Installing Ruby using rbenv
We have already installed rbenv. We should now install the ruby version desired by us. In my case that is
Installing ruby with rbenv is fairly simple. However, it is worth learning that ruby-build is a build tool. What it actually does is that it downloads the source code of ruby and compiles it on your system. It has an advantage that ruby will run faster for you; any C program/application that is compiled on your system is normally faster than a generic package because it gets generated considering the capabilities of your CPU (the details of this topic are too vast to accomodate in this tutorial).
So for rbenv to be able to install a new ruby version on your system, you need to have the essential tools. ruby-build requires you to have a C compiler and a few libraries which would be used for compiling ruby. To make sure everything is buckled up before installation, run this command:
sudo apt install -y build-essential libssl-dev libreadline-dev zlib1g-dev
If you already have those packages, nothing will happen; if you have some of them missing, they will be installed, thus filling the gap for building ruby.
To install ruby 2.5.3, you could run (wait, don’t run it yet):
rbenv install 2.5.3
It should output a few lines, take some time and then tell you that version 2.5.3 was installed. However, there is a problem - if the installation fails, especially during compilation, sometimes, the terminal gets stuck and there is no output on the terminal. It just appears to be installing for a long time (forever). To get more info about what is happening, run the following:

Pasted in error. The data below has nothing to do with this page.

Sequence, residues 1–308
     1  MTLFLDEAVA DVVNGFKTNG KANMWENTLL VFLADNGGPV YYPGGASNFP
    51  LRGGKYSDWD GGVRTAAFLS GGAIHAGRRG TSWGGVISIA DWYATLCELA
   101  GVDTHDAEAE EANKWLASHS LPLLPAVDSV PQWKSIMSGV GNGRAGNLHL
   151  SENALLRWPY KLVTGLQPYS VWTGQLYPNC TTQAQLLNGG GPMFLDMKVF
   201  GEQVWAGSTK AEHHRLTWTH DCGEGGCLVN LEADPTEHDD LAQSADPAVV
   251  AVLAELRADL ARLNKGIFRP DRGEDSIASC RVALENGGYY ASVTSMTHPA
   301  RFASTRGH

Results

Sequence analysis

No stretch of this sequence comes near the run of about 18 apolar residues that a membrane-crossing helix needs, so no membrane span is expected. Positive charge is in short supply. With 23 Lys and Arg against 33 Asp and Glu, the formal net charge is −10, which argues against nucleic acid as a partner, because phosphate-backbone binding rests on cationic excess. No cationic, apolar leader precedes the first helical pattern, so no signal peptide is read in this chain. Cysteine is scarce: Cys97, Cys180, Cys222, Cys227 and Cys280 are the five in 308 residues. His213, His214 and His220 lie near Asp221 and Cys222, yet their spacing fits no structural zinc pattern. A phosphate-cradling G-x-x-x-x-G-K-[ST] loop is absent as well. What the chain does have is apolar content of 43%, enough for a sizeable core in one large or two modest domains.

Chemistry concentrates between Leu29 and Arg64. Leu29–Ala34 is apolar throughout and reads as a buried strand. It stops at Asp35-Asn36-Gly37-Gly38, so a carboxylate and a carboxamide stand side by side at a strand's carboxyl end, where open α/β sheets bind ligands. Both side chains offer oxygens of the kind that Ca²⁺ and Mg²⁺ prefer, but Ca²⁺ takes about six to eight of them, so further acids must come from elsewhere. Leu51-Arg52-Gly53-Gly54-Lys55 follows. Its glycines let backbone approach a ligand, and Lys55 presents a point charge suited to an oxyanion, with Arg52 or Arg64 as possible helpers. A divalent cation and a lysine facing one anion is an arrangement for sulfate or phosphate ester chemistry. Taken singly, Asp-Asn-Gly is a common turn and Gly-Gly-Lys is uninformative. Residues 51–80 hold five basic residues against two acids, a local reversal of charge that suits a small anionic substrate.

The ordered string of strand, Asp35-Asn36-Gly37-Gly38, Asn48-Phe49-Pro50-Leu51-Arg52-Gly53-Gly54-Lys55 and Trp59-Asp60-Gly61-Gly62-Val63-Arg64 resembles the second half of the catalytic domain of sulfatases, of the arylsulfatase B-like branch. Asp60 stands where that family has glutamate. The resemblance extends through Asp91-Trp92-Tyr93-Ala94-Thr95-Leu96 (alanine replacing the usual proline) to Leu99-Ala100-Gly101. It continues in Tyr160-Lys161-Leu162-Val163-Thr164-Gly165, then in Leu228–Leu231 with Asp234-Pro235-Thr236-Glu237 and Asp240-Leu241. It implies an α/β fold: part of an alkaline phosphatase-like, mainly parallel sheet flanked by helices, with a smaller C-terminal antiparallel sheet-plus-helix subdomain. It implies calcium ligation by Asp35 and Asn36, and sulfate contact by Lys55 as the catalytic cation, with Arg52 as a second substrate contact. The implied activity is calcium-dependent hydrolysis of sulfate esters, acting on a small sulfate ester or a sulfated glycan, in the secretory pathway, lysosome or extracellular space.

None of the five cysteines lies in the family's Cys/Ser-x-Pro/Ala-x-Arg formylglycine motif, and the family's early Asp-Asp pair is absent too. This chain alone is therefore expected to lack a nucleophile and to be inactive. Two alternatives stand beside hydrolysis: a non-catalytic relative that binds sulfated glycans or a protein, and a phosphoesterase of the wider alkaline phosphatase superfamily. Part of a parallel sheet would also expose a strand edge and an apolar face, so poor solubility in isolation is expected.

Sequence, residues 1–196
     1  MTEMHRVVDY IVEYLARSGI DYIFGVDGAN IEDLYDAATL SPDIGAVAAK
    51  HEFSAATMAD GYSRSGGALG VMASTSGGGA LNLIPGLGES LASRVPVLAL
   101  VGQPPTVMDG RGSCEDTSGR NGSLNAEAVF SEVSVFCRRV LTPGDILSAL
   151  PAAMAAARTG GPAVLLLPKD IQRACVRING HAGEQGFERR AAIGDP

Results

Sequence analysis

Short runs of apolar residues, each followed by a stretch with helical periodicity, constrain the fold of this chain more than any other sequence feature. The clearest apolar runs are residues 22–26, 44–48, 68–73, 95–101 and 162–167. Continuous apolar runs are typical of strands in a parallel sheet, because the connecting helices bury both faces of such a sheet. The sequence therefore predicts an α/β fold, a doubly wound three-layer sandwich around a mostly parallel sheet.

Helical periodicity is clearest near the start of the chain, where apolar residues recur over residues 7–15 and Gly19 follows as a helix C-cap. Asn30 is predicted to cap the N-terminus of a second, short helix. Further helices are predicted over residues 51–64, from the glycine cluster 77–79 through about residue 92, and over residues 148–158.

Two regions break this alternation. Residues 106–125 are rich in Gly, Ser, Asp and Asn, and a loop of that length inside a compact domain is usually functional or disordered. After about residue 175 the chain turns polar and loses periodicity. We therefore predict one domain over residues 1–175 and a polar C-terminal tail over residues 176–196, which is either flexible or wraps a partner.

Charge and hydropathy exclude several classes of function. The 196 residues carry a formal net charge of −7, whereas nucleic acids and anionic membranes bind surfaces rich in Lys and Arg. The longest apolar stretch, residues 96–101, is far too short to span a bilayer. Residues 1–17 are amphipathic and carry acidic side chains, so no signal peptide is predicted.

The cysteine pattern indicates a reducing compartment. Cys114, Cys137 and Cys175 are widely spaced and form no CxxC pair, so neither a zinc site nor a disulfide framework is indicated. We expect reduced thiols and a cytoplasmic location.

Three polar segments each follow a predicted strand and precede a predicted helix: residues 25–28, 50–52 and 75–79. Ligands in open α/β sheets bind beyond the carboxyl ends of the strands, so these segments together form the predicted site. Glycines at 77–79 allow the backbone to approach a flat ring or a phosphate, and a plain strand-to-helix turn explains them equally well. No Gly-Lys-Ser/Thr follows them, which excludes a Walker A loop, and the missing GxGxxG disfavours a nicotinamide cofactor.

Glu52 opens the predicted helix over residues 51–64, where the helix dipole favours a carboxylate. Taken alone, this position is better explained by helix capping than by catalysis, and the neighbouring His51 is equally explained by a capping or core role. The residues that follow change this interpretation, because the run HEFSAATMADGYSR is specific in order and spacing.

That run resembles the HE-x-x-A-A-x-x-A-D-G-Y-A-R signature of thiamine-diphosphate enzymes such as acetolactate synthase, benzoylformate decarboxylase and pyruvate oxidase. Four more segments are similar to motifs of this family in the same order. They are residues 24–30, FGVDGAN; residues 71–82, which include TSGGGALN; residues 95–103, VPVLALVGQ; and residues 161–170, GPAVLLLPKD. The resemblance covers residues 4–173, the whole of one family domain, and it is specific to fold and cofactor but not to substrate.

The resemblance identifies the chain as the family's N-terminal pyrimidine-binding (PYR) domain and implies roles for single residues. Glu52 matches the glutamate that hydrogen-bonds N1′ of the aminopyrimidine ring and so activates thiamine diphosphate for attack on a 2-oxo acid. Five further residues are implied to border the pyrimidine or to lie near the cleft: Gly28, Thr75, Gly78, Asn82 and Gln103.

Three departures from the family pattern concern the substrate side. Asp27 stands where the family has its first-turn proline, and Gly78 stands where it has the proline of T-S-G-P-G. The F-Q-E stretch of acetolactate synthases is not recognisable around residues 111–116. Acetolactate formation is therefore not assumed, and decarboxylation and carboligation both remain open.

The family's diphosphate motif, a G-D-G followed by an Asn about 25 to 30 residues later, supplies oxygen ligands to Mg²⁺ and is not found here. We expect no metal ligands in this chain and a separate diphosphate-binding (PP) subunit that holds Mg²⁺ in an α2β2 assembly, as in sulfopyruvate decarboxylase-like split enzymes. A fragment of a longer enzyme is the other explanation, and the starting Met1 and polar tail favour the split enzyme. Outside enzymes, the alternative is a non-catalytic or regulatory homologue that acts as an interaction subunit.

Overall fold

rbenv install -f -v 2.5.3
-f argument tells rbenv to force-install the given version. So if it is already installed, rbenv will re-install (basically overwrite) the given version. So if an installation failed,
-f will make sure of the installation.
-v argument tells rbenv to output verbose messages. So everything that ruby-build does (including the compilation process) will be shown to you. Don’t be afraid by the word compilation here. It normally compiles fine without troubles and does not alter your system ruby (the one installed with
sudo apt install ruby) whether it succeeds or fails.
Once the installation succeeds, you can run the command below to check which versions are installed (output included in the snippet below):
$ rbenv versions system * 2.5.3 (set by /home/ubuntu/.rbenv/version)
The one with the
* in front of it is the one which is active right now. If you run
which ruby, you should get a path with a ruby shim. If you are curious, read the rbenv documentation to know what shims are, though you wouldn’t have to worry about them.
$ which ruby /home/ubuntu/.rbenv/shims/ruby
Configure & Forget
rbenv is a cool thing to have but to keep writing
rbenv shell 2.5.3 and
rbenv shell 2.4.5 every single time is a problem. What you should instead do is set a version of ruby for the directory and forget about rbenv. We have already done that when showing what rbenv does.
You can just create a file named
.ruby-version containing one line - the version number of ruby you want to use for all ruby scripts within this directory (and subdirectories). Just cd to the required directory and run:
echo "2.5.3" > .ruby-version
All ruby scripts within that directory and subdirectories will then use version 2.5.3.
We will be using this in our final deployment script.
NOTE: Remember that the version must be installed with rbenv. Even if your system ruby version matches the version you put in
.ruby-version file, it wouldn’t work.